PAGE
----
Mobile apps are hot news in the business world, and recently the evolving sales models have had a lot of media attention. So we sought out the developers behind one very successful app to ask their thoughts, and it's fascinating stuff.
Limbic Software is behind "Tower Madness" a classic tower-defense game with an aliens-and-sheep motif that's been bumping around in the top end of Apple's iOS app store for around a year. The thing is, the app has had varying fortunes as the business model that Limbic has used has evolved, and Apple's app store model evolved too. How did the game transition from its original popularity through several modes of existence to its current profitable state? With some nimble-footed adjustments that leveraged the changes made by Apple.
Limbic's co-founder and CEO Arash Keshmirian explained to us that at first the game sold itself. Immediately on its May 2009 launch it earned good reviews and landed an Apple Featured App status, but "as with all apps, things dwindled after a few months." In an attempt to reinvigorate the app's fortunes, Limbic tried a tactic that's still popular--a Lite edition with reduced functions to tempt users to buy the full version. It had moderate success, but then it too "tapered."
Then came the full-featured free version, Tower Madness Zero (TMZ) that totally changed the game's fortunes. The game shot up the charts to the number two popular slot, earning itself lots of publicity. But did it cannibalize the sales of the full game, as Limbic expected? Nope--the exposure of the high "popular" chart position lifted the full-paid $3 app up to number 22 in the same chart. The thing is, though ad revenues were working, the income from paid apps was much greater.
A few months later, Apple enabled in-app purchasing. And this transformed Limbic's game completely: The inclusion of in-app expansion packs did cause a "slight angry backlash" from existing paid users, but that was expected. Limbic has now created four in-app purchase expansions, with the fourth in approval phase, and their income has "outpaced ad revenue by about four times in TMZ." The first in-app addons resulted in a "massive surge" of players expanding the game, and the additional revenue from this drove the app high up in the "top grossing" charts on the App Store--the increased exposure from this caused even more sales of all versions of the game. The trick, according to Keshmirian is that the in-apps allowed Limbic to "continue to engage and generate existing revenue from our existing users on an ongoing basis across all of our products" whereas ad-based revenue is limited to the free edition, which seems to have sales trends that're driven by the paid edition.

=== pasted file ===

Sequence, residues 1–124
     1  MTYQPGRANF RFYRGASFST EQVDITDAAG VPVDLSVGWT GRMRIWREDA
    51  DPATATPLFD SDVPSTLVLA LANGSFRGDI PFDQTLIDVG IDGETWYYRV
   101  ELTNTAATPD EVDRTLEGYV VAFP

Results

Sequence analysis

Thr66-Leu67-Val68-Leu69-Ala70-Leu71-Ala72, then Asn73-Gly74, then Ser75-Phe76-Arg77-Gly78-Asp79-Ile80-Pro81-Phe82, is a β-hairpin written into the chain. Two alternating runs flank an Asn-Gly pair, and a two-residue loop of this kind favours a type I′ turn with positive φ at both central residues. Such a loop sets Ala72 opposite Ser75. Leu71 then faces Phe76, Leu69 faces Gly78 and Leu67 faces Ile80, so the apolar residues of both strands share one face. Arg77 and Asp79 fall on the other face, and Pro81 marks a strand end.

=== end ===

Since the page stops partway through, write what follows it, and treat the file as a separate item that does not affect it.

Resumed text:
The upshot? "Over the last three months, IAP revenue has outpaced ad revenue by about 4x in TM Zero. If we consider total revenue across all applications (TM Zero, TM, TM HD) ad revenue is only 1/20th of IAP revenue." This is absolute confirmation that in-app buys are the secret sauce to making money from popular apps on the iPhone. But there's more: "Many of our in-app purchases, taken singly, have individually generated more revenue than our total ad revenue."
So in a few words, how does a successful app keep generating revenue? First: Succeed with a free model that earns exposure and a core ad-based income. Next, generate a paid version that offers the same experience, less the ads. Then create regular, engaging, and genuinely value-added in-app purchases that please your core userbase, and push the app back into visibility on the App Store to tempt new buyers. As Keshmirian notes, it "makes sense for our game to sell map-packs and items. Some games lend themselves very well to this model," but it's not going to be universally a good trick: "For other game genres, the expansion opportunities may only be limited to themes and other cosmetic aspects," and here Keshmirian thinks banner ad revenues may be more lucrative.
In simple words, the advice from Limbic's experience would seem to be: When it comes to the App Store be agile and be clever. And leverage the heck out of the in-app purchasing system.
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